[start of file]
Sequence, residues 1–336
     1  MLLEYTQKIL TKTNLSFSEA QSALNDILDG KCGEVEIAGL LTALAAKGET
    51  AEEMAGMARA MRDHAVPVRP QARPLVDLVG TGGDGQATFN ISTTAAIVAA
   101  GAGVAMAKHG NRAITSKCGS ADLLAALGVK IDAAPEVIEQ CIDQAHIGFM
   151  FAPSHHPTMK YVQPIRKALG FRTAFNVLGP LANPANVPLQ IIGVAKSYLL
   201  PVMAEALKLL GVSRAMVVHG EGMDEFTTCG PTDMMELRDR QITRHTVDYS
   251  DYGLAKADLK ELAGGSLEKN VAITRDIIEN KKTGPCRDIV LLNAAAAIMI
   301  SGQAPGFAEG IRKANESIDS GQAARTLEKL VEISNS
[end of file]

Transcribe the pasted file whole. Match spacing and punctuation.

Sequence, residues 1–336
     1  MLLEYTQKIL TKTNLSFSEA QSALNDILDG KCGEVEIAGL LTALAAKGET
    51  AEEMAGMARA MRDHAVPVRP QARPLVDLVG TGGDGQATFN ISTTAAIVAA
   101  GAGVAMAKHG NRAITSKCGS ADLLAALGVK IDAAPEVIEQ CIDQAHIGFM
   151  FAPSHHPTMK YVQPIRKALG FRTAFNVLGP LANPANVPLQ IIGVAKSYLL
   201  PVMAEALKLL GVSRAMVVHG EGMDEFTTCG PTDMMELRDR QITRHTVDYS
   251  DYGLAKADLK ELAGGSLEKN VAITRDIIEN KKTGPCRDIV LLNAAAAIMI
   301  SGQAPGFAEG IRKANESIDS GQAARTLEKL VEISNS